Personal experience pedagogy : renewing the purpose, reviving the passion / Watkins, Stacia en_US
dc.contributor.department English en_US 2014-06-20T17:54:59Z 2014-06-20T17:54:59Z 2008 en_US
dc.description.abstract First-year composition (FYC) standards typically encourage personal reflection and very little research in the first-semester course; however, English department instructors who are required to teach these courses are often more familiar with research writing or with their areas of research in literature, folklore, or cultural studies. This division often leaves professors feeling trapped by the required teaching of FYC or, perhaps, feeling like they are not being utilized appropriately by their department. Personal Experience Pedagogy (PEP) can bridge the gap between teaching personal writing and doing research writing. en_US
dc.description.abstract This dissertation, an instructional design, is founded in Martin E. Ford's Motivational Systems Theory (MST) and several theories within the field of composition and rhetoric including Liberatory Pedagogy (Pablo Freire), Process Pedagogy (Peter Elbow), Audience Studies (Lisa Ede and Andrea Lunsford), Interpretive Communities (Stanley Fish), and Modeling (Donald Murray). The most basic principle of PEP is the instructor's ability to adapt the goals of FYC to his or her own interests. en_US
dc.description.abstract The use of PEP encourages professors of literature, cultural studies, or any field within the English curriculum to find their comfort zone in FYC. The PEP curriculum allows professors to bring their interests---ranging from songs or poems to intriguing mathematical formulas---into the classroom as a theme. en_US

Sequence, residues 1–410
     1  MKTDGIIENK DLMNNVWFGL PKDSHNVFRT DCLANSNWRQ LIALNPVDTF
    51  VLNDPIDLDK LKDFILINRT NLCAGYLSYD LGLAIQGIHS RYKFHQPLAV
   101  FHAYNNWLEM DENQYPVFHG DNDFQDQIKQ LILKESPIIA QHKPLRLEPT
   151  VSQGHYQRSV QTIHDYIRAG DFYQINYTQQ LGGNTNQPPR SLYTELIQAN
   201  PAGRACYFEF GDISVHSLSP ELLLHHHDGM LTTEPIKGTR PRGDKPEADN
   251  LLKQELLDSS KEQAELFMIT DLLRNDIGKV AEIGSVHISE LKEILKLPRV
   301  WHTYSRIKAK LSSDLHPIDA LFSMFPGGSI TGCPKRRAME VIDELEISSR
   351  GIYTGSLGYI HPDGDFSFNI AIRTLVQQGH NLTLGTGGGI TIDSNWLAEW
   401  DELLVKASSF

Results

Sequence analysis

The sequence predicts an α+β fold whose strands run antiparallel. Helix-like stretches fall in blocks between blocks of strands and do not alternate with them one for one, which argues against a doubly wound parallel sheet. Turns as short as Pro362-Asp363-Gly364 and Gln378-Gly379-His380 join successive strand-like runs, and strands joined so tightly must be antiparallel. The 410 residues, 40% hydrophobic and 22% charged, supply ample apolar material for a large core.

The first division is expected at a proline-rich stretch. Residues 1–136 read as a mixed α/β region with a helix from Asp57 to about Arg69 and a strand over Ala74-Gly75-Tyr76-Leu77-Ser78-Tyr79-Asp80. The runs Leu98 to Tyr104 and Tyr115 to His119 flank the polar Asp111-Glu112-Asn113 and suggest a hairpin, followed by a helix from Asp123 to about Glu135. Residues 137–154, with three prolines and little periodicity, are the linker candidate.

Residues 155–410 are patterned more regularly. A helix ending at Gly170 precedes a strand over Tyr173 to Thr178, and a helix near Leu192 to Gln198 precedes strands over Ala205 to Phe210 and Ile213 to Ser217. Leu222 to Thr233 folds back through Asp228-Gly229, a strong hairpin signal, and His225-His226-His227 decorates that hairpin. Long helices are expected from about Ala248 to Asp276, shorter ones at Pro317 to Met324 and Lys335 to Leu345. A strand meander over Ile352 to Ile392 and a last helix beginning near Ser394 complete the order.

dc.description.abstract In Chapter One, I outline the methodology of Personal Experience Pedagogy. Chapter Two, a review of the literature that inspired PEP, is divided into two sections: composition theory and education theory. Chapter Three provides a justification for the use of Personal Experience Pedagogy, outlining the course design that is applied in Chapters Four through Six. Chapters Four (popular culture), Chapter Five (literature), and Chapter Six (politics) are given as broad examples of how PEP can be applied in the classroom. Chapter Seven is a discussion of the desired results of using Personal Experience Pedagogy, based on experiences in my own FYC classes and its future implications for encouraging English Department instructors to be enthusiastic about the teaching of FYC. en_US Ph.D. en_US
dc.publisher Middle Tennessee State University en_US
dc.subject.lcsh Composition (Language arts) Study and teaching (Higher) en_US
dc.subject.lcsh English language Rhetoric Study and teaching (Higher) en_US
dc.subject.lcsh Language, Rhetoric and Composition en_US
dc.subject.lcsh Education, Language and Literature en_US
dc.thesis.degreegrantor Middle Tennessee State University en_US
dc.thesis.degreelevel Doctoral en_US
dc.title Personal experience pedagogy : renewing the purpose, reviving the passion / en_US
dc.type Dissertation en_US
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